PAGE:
The Origin of Dental Floss

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For decades, dentists have urged patients to practice daily flossing; however, only about 12% of Americans actually floss on a daily basis. Surprisingly the concept of flossing has been around for centuries; research has even shown evidence of Prehistoric dental flossing practices. So with such a vast history, why do most adults still neglect to floss their teeth? We may never know. But, here are some facts you should know about dental floss and how it came to be:

The Dental Floss Timeline

Prehistoric – Although an exact date has not been determined, researchers have found evidence that flossing was practiced even in prehistoric times. Teeth from prehistoric humans have shown signs of grooves left by flossing and/or toothpicks. It is believed that horsehair was used as a floss and twigs were often used as toothpicks. This allowed prehistoric humans to remove any debris in their teeth.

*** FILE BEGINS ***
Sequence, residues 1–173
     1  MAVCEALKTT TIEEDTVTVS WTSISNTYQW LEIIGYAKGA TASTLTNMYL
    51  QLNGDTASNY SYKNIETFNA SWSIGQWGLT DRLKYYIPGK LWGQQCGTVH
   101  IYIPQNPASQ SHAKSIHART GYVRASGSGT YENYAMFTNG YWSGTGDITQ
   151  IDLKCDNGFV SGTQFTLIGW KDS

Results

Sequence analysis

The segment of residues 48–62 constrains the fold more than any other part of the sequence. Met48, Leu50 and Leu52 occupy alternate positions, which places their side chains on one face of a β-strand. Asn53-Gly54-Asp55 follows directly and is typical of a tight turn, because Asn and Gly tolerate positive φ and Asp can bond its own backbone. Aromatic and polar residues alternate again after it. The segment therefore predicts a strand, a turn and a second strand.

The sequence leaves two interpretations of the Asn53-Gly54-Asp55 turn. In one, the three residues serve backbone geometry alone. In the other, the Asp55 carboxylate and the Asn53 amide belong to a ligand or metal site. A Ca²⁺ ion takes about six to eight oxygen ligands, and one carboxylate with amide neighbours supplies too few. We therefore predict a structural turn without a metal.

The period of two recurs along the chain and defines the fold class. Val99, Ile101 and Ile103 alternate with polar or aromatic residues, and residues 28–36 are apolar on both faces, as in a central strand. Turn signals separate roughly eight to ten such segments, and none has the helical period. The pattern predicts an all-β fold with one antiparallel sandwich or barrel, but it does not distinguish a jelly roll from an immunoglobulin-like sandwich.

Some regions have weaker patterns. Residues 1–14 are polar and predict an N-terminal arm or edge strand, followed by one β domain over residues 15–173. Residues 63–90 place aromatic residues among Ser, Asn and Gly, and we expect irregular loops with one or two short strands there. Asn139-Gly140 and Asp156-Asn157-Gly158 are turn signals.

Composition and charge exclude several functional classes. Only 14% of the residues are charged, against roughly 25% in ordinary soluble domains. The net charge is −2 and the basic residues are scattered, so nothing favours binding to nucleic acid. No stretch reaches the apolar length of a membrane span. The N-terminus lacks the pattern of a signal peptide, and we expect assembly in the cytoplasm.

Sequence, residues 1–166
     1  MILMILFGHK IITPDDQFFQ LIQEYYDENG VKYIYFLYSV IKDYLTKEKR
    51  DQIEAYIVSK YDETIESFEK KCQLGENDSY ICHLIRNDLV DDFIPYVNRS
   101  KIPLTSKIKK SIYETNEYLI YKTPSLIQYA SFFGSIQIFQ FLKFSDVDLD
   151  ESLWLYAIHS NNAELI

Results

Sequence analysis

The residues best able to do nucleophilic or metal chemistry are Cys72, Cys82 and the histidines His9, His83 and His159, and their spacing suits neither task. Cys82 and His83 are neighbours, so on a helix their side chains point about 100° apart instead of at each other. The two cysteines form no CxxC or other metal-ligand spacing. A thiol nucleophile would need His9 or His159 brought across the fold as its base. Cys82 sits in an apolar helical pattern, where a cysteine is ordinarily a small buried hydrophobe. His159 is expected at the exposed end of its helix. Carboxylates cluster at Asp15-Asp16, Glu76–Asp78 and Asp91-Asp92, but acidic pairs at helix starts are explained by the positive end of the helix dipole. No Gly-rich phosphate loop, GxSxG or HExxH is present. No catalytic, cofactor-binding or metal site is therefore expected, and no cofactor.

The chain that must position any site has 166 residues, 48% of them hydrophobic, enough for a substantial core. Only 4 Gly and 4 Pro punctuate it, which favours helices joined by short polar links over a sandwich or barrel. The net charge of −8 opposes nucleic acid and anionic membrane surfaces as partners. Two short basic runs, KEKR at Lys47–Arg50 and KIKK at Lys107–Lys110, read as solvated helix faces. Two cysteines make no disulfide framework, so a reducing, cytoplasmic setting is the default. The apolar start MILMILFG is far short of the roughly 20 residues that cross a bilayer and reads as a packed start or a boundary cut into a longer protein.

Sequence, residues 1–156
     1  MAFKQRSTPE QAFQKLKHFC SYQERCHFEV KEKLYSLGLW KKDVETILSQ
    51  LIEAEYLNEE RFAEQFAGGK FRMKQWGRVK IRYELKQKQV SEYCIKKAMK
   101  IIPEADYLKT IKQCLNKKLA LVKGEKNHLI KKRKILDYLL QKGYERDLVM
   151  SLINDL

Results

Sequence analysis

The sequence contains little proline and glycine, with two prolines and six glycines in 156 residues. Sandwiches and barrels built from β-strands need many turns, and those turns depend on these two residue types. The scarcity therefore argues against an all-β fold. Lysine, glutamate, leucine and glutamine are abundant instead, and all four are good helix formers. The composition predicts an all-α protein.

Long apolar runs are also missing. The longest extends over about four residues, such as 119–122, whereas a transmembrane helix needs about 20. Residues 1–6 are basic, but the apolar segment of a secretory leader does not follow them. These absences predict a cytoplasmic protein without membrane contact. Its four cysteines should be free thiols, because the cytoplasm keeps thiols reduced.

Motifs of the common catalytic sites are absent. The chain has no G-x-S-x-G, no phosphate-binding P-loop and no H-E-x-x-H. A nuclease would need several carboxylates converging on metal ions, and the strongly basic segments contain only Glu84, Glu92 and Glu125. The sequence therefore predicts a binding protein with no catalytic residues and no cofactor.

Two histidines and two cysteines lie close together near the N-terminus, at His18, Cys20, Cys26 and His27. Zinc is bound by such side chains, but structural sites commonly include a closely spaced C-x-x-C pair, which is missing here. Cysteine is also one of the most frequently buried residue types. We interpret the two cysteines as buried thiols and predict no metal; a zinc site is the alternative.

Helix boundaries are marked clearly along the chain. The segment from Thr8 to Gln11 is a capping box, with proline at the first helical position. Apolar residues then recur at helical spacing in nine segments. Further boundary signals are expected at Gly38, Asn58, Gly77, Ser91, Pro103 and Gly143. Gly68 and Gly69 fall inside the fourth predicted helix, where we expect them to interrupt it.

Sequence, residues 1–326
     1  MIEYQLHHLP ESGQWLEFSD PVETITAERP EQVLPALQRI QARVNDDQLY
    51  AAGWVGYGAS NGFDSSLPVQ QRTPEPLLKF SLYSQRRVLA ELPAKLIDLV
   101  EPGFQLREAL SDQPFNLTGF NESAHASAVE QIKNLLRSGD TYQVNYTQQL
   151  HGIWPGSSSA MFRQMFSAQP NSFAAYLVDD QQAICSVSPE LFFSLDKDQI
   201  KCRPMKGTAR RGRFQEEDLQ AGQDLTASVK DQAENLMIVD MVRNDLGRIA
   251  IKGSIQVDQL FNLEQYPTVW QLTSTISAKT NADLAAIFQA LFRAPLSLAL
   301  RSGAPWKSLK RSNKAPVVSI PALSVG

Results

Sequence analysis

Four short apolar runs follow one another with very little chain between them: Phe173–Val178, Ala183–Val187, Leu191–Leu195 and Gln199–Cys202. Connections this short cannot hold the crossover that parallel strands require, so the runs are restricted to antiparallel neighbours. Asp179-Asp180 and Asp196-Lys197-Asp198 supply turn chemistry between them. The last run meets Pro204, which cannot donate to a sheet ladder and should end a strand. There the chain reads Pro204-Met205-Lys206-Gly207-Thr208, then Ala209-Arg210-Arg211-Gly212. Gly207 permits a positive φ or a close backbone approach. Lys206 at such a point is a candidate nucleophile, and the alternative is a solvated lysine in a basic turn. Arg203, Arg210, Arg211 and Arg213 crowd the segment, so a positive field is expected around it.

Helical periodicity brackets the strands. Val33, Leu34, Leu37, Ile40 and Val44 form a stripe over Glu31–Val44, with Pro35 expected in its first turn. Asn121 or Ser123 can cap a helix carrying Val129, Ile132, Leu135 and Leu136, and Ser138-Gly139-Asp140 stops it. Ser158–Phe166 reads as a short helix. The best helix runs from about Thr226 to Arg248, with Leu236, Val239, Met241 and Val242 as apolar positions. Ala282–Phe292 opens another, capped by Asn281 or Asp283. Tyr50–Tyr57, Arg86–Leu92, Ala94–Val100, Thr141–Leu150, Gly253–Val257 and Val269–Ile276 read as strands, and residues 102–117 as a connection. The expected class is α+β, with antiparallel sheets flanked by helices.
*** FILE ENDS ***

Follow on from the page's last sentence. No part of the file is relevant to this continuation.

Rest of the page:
1815 – In 1815, an American dentist, Dr. Levi Spear Parmly introduced the world to the idea of using silk thread which was waxed as a form of dental floss. He also published the book, A Practical Guide to the Management of Teeth, which discussed his belief on the importance of not only brushing daily but also flossing.

1882 – In 1882, the Codman and Shurleft Company began mass-producing un-waxed silk floss.

1898 – In 1898, Johnson & Johnson was granted the first patent for dental floss.

1940s – During World War II, the cost of silk began to rise. As a result, Dr. Charles Bass developed nylon as the replacement for dental floss. He is also responsible for making floss an essential part of oral hygiene techniques.

Dental Floss Today

Since the beginning of dental floss, it has evolved quite a bit over time. From horsehair to silk, new dental floss advances are made each year. We have seen Gore-Tex, spongy floss, and even soft floss. Floss picks have also become more popular, allowing for easier flossing. The most recent advancement in floss is now the water flosser, which is essentially a device used to shoot small jets of water in-between teeth to flush out debris.